The proof was in the spitting.

“In all cases the fish continued to spit at the face they had been trained to recognise, proving that they were capable of telling the two apart,” Dr Newport said.

The experiments show you do not need a neocortex to recognise a face, the researchers said.

The research suggests there are probably plenty of fish in the sea with similar visual skills.


News Ireland daily BLOG by Donie

Tuesday 3rd. May 2016

Trinity Treaty blueprint dictates the limits of a minority ruled Government by Fine Gael


The so-called ‘Trinity Treaty’ and its eight pages, which will be the glue that keeps this minority Fine Gael government from falling apart at the seams, was debated at party meetings last night.

This is essentially a blueprint for the next few years and the ‘rules of play’, as agreed between Fine Gael, who will run the country, and Fianna Fáil, who will watch owl-eyed from the opposition benches.

Any dereliction from this deal between the rival parties would likely collapse a government and cause fresh elections. So, here’s a quick digest of the rules of engagement between Enda Kenny’s team and Micheál Martin’s for the next three years, plus an idea about what is planned for water charges. Expect the rules to be referred to religiously by both leaders during the lifetime of this Dáil.

The eight-page, 2,000 word, document includes a three-part deal between Fine Gael and Fianna Fáil. The first focuses on the mechanics of the minority government deal between the two rival parties.

It includes a commitment by Fianna Fáil to abstain in the election of Taoiseach, nomination of ministers and any reshuffles.

Fianna Fáil will also facilitate budgets in line with the policies it wants. It has also committed to voting against or abstaining on any motions of no confidence in the government, ministers or money bills. Crucially, the deal allows for both leaders to personally resolve differences arising between both parties if an event arises that could “undermine” the deal.

The document also shows that Fine Gael will publish all agreements with Independent TDs or other parties “in full”. This compares to secrete sweetheart deals made by previous Fianna Fáil governments with Independents over the years which were never published. The deal also allows Fine Gael to seek separate policy commitments from other parties for a programme for government. The later could prove useful for Fine Gael if its support fell mid-way through the minority government, and it was forced to turn to others, such as Labour or the Greens, to be propped up.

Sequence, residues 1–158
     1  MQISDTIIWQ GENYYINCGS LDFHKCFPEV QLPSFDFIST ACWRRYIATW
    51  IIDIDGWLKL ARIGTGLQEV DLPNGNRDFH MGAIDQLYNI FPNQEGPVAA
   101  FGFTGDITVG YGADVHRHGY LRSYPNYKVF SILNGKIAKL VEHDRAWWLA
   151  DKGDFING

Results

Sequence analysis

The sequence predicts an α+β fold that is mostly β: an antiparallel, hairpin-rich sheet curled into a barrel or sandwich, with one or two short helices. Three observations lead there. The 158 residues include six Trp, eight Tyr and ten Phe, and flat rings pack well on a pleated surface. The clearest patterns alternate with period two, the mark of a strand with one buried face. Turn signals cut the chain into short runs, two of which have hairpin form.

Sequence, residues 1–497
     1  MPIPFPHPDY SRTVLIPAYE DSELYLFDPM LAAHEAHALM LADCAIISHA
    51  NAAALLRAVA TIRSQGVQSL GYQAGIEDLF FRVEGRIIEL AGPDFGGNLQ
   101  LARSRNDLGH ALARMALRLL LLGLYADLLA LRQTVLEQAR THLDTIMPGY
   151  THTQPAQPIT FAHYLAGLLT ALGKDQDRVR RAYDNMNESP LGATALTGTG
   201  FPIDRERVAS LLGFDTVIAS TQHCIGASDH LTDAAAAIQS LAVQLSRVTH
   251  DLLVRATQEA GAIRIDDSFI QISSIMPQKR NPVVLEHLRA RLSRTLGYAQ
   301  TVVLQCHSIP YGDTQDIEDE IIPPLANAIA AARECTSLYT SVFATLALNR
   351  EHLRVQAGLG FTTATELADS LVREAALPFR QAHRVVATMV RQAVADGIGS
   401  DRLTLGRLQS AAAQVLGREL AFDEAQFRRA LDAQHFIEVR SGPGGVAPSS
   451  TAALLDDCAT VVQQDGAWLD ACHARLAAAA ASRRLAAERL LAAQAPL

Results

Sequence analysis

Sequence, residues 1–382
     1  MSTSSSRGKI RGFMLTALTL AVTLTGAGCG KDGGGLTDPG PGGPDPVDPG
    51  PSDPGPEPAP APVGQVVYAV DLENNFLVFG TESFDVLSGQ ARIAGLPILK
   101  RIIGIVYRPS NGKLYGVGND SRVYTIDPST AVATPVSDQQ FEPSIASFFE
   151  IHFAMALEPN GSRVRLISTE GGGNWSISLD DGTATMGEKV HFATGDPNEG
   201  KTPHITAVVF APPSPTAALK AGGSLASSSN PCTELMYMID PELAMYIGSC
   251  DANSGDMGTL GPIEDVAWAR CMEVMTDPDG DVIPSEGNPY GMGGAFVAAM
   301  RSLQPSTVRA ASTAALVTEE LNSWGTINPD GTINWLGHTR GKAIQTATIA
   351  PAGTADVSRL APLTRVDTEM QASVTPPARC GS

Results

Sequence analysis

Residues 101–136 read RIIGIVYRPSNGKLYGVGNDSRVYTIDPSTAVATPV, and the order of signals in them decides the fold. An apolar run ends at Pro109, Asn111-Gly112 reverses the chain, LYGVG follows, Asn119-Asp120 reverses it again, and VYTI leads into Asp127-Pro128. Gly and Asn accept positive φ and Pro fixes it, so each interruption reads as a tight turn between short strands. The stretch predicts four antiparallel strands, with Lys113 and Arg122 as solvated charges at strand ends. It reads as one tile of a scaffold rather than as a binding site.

Another section outlines the changes agreed to water charges. Charges will now be suspended within six weeks of a government being formed, which means bills may be halted from mid-June.

The incoming Fine Gael Government, though, have committed to possibly “abolishing” water charges if the Oireachtas recommends so after the whole system is reviewed by a special commission. This is the first written commitment of this option.

Changes under the deal will also see the €100 water conservation grant scrapped and more funds instead injected into group water schemes and the refurbishment of wells.

The document says that the Oireachtas will — six weeks after the government is formed — introduce legislation to suspend charges for a period of nine months.

The suspension period can be extended, the document adds, by the incoming government.

The expert commission will be set up within eight weeks of the new government and report within five months.

Crucially, the document states commission recommendations will go to a committee and then be voted upon by the Oireachtas.

It adds: “The Government will facilitate the passage of legislation (whether it be a money bill or otherwise) the implementation of the recommendations in relation to domestic water charges supported by the Oireachtas including abolition, a reformed charging regime or other options.”

  The Independent Alliance

However, on the contentious issue of the near million customers who are thought to have paid their water bills so far and whether any refunds will be made, the deal between the two is vague.

It says: “We affirm that those who have paid their water bills to date will be treated no less favourably than those who have not.”

This seems to suggest that those who paid will be no less-off than those who have not, but the agreement does not suggest that non-payers will be pursued or refunds provided.

Fine Gael sources last night said this left the option open for the party to continue to insist that non-payers will still be pursued, but that refunds could be granted down the line, if charges are abolished.

The next move will be for Independent TDs to agree to the ‘Trinity Treaty’ document, especially the points on policy. If not, the decision of a new government will be postponed again.

While TDs own concerns were listened to by Fine Gael during 70 hours of talks, it is likely Independents will want their moment, and are sure to stall an end to the talks until their own demands are well voiced.

Prediction for Ireland to be EU’s fastest-growing economy for 2016

The European Commission revises its growth forecast for Ireland upwards to 4.9%


Ireland is predicted to be the fastest-growing economy in Europe this year according to new figures from the European Commission, with the EU’s executive arm expecting the economy to grow by 4.9% this year.

The predicted GDP growth rate is higher than the figure of 4.5% for 2016 estimated three months ago. The Commission also revised upwards its estimates for 2017 to 3.7%, up slightly from the growth rate of 3.5% predicted in February.